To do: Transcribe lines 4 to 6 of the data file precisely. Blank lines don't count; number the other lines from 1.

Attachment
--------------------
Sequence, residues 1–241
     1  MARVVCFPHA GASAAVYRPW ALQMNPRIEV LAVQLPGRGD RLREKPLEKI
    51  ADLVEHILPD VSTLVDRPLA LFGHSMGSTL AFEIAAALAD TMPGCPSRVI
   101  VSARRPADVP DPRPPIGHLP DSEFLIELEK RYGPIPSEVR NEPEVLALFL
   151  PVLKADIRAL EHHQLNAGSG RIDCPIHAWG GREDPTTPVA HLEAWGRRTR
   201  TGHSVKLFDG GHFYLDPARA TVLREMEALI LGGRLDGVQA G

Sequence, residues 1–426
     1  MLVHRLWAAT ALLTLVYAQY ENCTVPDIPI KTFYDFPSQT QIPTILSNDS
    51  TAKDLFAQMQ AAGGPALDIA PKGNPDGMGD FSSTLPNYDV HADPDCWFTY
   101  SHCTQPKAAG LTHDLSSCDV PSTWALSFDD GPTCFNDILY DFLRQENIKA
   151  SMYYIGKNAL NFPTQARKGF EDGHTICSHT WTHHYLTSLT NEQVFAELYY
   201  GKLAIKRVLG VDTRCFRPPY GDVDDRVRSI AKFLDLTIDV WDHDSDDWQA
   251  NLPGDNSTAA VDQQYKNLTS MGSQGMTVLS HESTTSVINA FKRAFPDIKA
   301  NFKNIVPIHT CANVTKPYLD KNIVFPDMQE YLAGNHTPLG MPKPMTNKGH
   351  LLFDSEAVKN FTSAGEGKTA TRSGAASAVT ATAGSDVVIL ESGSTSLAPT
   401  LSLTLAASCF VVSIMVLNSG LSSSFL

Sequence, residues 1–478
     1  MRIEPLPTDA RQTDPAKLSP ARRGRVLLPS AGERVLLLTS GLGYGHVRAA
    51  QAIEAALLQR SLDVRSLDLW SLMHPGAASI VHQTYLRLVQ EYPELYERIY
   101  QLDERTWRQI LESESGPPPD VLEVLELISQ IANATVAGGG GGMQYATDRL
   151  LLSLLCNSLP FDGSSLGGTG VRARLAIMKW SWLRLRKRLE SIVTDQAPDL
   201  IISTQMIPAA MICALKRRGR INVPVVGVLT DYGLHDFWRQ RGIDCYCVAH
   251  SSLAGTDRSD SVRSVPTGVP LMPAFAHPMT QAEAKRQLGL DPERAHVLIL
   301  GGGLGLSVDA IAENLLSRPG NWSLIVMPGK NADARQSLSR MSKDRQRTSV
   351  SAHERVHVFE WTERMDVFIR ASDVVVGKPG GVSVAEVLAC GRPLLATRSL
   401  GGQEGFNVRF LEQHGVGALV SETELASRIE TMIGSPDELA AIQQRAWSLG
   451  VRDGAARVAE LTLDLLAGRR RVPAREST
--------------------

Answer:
   101  VSARRPADVP DPRPPIGHLP DSEFLIELEK RYGPIPSEVR NEPEVLALFL
   151  PVLKADIRAL EHHQLNAGSG RIDCPIHAWG GREDPTTPVA HLEAWGRRTR
   201  TGHSVKLFDG GHFYLDPARA TVLREMEALI LGGRLDGVQA G